Nursing Economics, 2(3), 185–189. Turnham, H. (2001). Federal Nursing Home Reform Act from the Omnibus Budget Reconciliation Act of 1987. National Long Term Care Ombudsman Resource Center. Retrieved September 2008 from http://www.allhealth.org/briefingmaterials/obra87summary-984.pdf. Vladeck, B. C. (1980). Unloving care: The nursing home tragedy. New York: Basic Books. Wagner, D. (2005). The poorhouse: America’s forgotten institution. Lanham, MD: Rowman & Littlefield Publishers. Werner, R. M. et al. (2009). Impact of public reporting on quality of postacute care. Health Services Research, 44(4), 1169–1187. Werner, R. M. et al. (2013). The effect of pay-for-performance in nursing homes: Evidence from state Medicaid programs. Health Services Research, 48(4), 1393–1414. Wiener, J. M. et al. (2007). Nursing home care quality: Twenty years after the Omnibus Budget Reconciliation Act of 1987. Menlo Park, CA: The Henry J. Kaiser Family Foundation. Willging, P. (2008). Personal electronic communication. September 23, 2008. World Health Organization. (2012). Dementia: A public health priority. Geneva: World Health Organization. U.S Department of Health, Education, and Welfare. (1975). Long-term care facility improvement study: Introductory report. Washington, DC: Department of Health, Education, and Welfare. Zhang, X., & Grabowski, D. C. (2004). Nursing home staffing and quality under the Nursing Home Reform Act. The Gerontologist, 44(1), 13–23. ______________________ 1Affordable Care Act is the shortened name commonly used for the Patient Protection and Affordable Care Act of 2010 as amended by the Health Care and Education Reconciliation Act of 2010. 2The late Dr. Paul Willging (1942–2011) was a well-respected leader in the long-term care industry. He served as president of the American Health Care Association (AHCA) at the time OBRA-87 was passed. The AHCA was heavily involved in representing the for-profit nursing home sector, which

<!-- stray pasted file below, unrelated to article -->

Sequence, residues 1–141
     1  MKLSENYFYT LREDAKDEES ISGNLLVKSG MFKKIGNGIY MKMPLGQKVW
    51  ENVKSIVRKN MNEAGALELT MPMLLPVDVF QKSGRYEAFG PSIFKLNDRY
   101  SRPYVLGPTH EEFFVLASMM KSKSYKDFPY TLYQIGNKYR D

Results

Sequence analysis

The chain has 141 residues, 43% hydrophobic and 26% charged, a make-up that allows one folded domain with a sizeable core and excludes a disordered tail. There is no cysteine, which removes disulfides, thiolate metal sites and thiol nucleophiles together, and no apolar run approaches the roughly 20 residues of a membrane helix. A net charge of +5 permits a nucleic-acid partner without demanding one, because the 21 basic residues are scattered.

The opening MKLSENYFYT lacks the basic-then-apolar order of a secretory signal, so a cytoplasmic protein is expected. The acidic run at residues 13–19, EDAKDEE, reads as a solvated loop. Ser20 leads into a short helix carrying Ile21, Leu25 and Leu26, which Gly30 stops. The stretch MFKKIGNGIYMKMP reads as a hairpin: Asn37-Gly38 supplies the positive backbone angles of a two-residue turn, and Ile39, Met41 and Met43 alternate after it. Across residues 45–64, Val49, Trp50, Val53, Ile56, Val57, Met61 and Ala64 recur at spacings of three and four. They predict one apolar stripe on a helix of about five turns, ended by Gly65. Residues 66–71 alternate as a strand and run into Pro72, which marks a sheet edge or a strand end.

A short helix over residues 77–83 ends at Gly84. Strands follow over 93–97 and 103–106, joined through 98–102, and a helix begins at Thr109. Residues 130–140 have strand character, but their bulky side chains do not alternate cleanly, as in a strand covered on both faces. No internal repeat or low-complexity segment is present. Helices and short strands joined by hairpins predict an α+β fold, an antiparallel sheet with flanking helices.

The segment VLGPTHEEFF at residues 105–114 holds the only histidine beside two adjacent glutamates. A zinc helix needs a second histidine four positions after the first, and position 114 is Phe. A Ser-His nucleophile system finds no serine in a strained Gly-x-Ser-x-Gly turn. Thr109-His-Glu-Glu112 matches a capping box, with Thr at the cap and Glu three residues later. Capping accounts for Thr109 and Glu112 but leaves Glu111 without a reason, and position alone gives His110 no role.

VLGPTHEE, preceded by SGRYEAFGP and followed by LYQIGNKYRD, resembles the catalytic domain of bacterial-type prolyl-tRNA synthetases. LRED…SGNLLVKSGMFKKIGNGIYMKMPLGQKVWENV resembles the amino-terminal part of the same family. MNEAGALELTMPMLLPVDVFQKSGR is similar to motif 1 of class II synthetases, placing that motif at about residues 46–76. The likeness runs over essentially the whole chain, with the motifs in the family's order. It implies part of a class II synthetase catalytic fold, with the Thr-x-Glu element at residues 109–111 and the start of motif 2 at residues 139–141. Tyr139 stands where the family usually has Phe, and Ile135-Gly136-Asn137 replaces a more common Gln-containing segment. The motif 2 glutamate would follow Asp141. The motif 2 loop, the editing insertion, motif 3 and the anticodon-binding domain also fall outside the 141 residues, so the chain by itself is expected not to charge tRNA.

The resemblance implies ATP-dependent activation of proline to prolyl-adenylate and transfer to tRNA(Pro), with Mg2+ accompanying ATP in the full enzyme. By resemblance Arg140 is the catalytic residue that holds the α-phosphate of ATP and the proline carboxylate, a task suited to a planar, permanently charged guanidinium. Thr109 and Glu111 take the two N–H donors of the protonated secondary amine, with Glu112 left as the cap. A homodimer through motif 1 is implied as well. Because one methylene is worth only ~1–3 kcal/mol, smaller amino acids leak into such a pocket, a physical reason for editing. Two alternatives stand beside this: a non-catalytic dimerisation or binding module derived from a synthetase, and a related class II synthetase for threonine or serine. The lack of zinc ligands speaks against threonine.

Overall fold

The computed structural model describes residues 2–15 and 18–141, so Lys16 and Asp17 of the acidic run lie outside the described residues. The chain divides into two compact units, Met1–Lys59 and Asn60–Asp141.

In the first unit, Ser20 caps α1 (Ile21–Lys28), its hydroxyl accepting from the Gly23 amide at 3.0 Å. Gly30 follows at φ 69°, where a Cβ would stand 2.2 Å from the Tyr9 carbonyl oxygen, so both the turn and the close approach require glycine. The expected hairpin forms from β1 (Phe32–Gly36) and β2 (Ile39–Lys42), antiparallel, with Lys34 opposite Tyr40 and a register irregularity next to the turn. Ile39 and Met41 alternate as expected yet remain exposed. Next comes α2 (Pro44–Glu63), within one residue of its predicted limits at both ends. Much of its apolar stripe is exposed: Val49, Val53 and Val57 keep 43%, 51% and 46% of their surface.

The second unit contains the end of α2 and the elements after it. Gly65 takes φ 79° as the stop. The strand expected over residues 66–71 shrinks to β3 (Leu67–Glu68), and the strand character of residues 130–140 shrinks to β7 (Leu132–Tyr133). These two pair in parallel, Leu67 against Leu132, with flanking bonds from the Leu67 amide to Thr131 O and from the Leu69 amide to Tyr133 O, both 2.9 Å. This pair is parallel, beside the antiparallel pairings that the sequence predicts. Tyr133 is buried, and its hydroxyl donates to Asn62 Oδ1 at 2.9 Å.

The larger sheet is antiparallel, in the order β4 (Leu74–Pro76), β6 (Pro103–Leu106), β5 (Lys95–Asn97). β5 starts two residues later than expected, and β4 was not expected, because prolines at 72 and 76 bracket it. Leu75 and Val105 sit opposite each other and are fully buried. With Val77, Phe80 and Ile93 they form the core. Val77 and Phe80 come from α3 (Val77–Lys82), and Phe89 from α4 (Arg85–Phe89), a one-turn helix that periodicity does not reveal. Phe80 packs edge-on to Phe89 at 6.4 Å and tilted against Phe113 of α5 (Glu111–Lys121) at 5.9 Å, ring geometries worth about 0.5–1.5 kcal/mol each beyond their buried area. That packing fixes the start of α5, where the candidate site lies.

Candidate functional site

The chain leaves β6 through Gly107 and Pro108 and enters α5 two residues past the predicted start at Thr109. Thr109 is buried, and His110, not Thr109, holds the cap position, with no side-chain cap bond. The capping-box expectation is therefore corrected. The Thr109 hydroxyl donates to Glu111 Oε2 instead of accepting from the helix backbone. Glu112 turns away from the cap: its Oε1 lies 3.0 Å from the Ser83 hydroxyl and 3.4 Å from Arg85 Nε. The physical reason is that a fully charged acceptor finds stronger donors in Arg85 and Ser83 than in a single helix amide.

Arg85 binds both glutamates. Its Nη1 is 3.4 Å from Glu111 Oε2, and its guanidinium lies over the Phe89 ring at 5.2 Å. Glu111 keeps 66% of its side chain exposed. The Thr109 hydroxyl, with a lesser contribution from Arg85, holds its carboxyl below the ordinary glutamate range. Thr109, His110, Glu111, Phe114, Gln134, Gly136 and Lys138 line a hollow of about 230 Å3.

supported the legislation.